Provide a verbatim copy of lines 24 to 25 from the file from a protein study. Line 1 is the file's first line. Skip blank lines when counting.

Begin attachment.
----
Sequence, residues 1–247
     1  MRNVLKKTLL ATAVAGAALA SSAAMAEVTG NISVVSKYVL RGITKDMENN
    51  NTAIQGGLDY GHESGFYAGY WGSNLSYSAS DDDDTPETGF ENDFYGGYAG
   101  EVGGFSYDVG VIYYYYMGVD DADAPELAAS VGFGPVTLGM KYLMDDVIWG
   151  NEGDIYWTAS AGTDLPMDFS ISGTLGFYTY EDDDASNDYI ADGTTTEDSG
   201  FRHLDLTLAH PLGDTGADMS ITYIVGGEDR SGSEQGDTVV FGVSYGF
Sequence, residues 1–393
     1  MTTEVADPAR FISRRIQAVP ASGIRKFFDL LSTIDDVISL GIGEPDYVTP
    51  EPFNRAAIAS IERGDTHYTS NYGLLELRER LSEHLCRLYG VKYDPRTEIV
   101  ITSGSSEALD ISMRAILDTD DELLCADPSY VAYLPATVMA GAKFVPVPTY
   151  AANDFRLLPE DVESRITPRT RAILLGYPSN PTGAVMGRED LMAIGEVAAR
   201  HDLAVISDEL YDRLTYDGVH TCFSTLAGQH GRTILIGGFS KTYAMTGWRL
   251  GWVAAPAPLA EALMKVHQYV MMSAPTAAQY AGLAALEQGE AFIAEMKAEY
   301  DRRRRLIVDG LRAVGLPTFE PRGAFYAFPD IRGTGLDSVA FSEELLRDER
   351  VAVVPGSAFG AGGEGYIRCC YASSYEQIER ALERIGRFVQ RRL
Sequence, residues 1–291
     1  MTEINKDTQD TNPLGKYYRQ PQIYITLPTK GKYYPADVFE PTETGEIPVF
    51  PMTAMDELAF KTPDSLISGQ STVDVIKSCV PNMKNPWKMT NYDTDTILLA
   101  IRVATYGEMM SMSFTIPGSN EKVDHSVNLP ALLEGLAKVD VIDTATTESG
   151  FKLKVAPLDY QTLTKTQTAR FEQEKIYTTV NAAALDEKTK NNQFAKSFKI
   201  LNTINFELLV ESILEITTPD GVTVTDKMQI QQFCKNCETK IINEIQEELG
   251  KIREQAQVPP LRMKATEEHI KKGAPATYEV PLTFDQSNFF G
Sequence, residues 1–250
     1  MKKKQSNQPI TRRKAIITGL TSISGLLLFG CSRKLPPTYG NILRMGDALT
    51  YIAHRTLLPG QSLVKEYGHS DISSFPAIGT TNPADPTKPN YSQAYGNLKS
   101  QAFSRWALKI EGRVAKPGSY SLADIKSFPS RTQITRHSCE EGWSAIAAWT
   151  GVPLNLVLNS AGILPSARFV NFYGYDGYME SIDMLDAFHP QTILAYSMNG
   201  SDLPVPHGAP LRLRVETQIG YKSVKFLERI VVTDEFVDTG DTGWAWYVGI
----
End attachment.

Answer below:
     1  MKKKQSNQPI TRRKAIITGL TSISGLLLFG CSRKLPPTYG NILRMGDALT
    51  YIAHRTLLPG QSLVKEYGHS DISSFPAIGT TNPADPTKPN YSQAYGNLKS